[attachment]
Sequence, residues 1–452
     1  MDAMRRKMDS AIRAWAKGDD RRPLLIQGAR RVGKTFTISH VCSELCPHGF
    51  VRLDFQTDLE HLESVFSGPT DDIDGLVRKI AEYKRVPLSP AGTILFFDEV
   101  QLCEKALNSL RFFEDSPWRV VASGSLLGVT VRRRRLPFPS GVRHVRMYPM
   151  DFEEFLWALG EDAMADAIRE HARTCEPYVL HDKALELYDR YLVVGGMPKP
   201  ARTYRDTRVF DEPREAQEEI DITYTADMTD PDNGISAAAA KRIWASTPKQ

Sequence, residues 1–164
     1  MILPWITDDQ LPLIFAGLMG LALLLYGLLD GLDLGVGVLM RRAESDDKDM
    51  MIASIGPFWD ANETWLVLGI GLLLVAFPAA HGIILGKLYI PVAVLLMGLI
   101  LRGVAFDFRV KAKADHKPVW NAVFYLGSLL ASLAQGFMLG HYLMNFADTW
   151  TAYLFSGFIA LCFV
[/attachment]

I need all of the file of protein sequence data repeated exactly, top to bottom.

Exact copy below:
Sequence, residues 1–452
     1  MDAMRRKMDS AIRAWAKGDD RRPLLIQGAR RVGKTFTISH VCSELCPHGF
    51  VRLDFQTDLE HLESVFSGPT DDIDGLVRKI AEYKRVPLSP AGTILFFDEV
   101  QLCEKALNSL RFFEDSPWRV VASGSLLGVT VRRRRLPFPS GVRHVRMYPM
   151  DFEEFLWALG EDAMADAIRE HARTCEPYVL HDKALELYDR YLVVGGMPKP
   201  ARTYRDTRVF DEPREAQEEI DITYTADMTD PDNGISAAAA KRIWASTPKQ

Sequence, residues 1–164
     1  MILPWITDDQ LPLIFAGLMG LALLLYGLLD GLDLGVGVLM RRAESDDKDM
    51  MIASIGPFWD ANETWLVLGI GLLLVAFPAA HGIILGKLYI PVAVLLMGLI
   101  LRGVAFDFRV KAKADHKPVW NAVFYLGSLL ASLAQGFMLG HYLMNFADTW
   151  TAYLFSGFIA LCFV